Tip 3: Draw from a variety of sources

This tip is really about the benefits of drawing from life versus drawing from photo references. So, let’s say you only draw from photo references, you like to use our amazing and free reference library for your figure drawing and that’s great! That’s a really good way to practice. But if you take one of those practice sessions each week and just make it an in-person life drawing class, it’s going to have a really nice impact on your drawings.

you can improve your drawing skills as an artist by attending life drawing classes in person

One reason is that the human figure is a three-dimensional form, but if you’re only ever using photo references, you never get to see that three-dimensional form. So an advanctage of drawing from life is that it’s going to give you that three-dimensional sense of the figure.

Secondly, you don’t get to pick and choose the poses. You have to go with whatever poses the model does, whereas when you’ve got photo references, there might be a temptation to avoid certain poses.

Thirdly, when the time ends on the pose and the model changes pose, you just have to move on. It’s over – you can’t draw it any more because the pose is gone, and there’s something really useful about that.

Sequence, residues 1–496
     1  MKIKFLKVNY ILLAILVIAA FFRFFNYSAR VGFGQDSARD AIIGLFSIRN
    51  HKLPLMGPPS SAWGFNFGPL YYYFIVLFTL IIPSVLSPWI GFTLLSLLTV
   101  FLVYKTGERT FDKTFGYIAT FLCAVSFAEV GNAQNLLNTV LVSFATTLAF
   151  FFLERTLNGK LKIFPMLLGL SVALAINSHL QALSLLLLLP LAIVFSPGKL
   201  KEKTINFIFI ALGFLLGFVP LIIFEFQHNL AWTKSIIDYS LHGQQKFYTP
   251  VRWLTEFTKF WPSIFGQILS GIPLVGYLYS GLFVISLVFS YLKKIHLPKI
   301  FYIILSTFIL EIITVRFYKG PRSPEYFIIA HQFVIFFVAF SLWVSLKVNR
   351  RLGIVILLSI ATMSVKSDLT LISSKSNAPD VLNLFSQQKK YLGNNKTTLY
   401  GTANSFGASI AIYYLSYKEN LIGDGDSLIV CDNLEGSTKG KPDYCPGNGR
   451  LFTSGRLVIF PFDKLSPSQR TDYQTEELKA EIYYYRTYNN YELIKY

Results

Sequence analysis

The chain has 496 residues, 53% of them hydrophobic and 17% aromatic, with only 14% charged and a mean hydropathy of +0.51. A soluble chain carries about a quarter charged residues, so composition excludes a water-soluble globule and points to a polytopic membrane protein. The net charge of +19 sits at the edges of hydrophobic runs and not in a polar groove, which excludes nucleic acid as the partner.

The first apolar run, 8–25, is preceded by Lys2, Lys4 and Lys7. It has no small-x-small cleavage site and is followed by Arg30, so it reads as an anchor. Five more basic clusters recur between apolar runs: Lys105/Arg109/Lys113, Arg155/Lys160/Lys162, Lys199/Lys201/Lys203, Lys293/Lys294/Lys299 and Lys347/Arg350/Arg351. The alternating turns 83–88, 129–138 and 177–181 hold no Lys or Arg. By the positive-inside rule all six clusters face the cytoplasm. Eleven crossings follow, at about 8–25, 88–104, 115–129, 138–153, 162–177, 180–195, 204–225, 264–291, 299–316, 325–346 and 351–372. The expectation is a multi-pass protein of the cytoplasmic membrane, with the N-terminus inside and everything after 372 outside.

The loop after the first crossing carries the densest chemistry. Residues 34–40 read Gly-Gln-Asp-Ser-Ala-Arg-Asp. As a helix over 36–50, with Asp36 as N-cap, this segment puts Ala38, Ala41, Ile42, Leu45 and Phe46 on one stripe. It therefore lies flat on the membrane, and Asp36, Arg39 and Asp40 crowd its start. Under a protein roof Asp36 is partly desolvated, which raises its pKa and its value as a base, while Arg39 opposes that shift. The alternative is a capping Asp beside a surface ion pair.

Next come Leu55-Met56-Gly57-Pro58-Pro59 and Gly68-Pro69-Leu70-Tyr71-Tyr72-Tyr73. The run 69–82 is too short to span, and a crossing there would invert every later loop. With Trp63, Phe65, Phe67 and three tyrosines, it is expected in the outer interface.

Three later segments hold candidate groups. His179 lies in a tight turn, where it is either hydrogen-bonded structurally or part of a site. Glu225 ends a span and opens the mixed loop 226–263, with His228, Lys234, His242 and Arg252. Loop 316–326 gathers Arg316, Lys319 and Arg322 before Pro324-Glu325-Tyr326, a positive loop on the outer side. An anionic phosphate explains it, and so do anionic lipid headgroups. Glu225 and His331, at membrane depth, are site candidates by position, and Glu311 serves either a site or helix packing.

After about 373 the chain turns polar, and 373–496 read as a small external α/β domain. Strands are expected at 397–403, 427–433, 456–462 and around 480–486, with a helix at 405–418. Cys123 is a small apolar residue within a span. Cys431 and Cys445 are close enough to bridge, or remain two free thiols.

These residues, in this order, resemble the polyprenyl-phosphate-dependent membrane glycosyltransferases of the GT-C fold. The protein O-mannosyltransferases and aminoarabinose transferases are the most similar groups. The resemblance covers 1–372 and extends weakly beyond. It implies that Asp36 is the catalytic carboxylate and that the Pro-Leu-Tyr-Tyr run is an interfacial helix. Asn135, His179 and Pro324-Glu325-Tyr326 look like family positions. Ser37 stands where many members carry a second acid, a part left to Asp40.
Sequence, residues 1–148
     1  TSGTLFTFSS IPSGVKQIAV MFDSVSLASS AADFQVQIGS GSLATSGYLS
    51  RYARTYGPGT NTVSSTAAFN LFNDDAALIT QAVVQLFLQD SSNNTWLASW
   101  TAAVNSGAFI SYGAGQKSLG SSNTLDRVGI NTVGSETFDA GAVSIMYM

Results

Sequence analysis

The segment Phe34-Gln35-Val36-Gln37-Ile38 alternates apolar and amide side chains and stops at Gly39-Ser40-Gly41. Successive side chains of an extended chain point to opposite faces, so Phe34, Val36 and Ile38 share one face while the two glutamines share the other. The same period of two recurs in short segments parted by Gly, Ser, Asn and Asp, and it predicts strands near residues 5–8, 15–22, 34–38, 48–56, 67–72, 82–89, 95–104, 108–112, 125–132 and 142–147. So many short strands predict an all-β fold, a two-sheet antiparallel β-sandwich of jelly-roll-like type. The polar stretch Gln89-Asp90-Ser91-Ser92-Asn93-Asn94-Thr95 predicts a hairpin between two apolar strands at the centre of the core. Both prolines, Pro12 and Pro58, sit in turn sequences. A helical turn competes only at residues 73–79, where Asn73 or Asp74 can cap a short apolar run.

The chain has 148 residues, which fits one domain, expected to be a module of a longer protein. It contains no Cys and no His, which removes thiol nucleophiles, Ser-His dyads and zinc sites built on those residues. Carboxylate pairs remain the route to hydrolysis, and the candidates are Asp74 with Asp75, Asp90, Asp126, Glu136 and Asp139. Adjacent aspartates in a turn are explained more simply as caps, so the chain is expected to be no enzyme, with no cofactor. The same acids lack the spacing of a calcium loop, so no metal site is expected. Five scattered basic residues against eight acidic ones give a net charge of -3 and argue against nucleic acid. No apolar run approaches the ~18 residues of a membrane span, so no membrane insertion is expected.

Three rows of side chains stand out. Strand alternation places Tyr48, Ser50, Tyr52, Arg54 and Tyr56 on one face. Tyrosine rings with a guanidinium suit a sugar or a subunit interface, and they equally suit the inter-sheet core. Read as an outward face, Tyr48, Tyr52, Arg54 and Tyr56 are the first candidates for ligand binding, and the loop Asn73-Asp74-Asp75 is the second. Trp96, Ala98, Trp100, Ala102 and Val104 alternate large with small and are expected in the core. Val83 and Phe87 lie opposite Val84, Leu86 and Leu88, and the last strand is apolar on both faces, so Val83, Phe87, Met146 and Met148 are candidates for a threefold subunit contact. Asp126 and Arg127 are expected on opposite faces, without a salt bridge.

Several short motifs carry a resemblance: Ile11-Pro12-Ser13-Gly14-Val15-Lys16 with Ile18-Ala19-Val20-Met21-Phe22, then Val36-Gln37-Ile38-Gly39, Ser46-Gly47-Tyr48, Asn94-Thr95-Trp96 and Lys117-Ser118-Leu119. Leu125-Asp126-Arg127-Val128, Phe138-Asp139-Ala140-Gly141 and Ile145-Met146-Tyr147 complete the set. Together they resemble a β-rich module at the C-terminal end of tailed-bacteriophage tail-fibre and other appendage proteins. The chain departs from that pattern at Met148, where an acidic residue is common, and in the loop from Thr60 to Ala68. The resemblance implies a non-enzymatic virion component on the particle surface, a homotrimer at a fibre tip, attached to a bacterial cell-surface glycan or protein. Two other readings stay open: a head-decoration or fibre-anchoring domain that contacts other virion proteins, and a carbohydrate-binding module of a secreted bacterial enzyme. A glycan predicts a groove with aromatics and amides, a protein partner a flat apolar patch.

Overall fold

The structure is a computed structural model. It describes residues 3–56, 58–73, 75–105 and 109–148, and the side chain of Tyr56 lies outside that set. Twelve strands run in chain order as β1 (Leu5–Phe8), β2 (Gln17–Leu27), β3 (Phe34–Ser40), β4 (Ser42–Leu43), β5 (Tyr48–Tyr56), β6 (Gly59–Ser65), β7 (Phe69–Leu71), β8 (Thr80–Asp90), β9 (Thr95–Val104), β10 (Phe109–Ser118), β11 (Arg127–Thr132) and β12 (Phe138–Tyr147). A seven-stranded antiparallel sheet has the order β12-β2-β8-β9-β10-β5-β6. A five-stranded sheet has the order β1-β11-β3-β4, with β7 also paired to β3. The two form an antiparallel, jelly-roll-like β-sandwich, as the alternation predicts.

And a final advantage of in-person drawing is that it’s really nice to have other people around who are also drawing. It’s a nice atmosphere. If you’re nervous about going to life drawing because you don’t think you’re good enough, don’t be! 99.9% of people who go to life drawing are super nice and
friendly.  No one’s there to judge you. A lot of people are very judgmental about their own stuff but they’re usually really happy to just see other people drawing.

Now, I’ve met some people who only draw from life and they totally shun drawing from photo references. But in that case you could give yourself a little boost by opening your mind up to drawing from photo references because they have benefits too.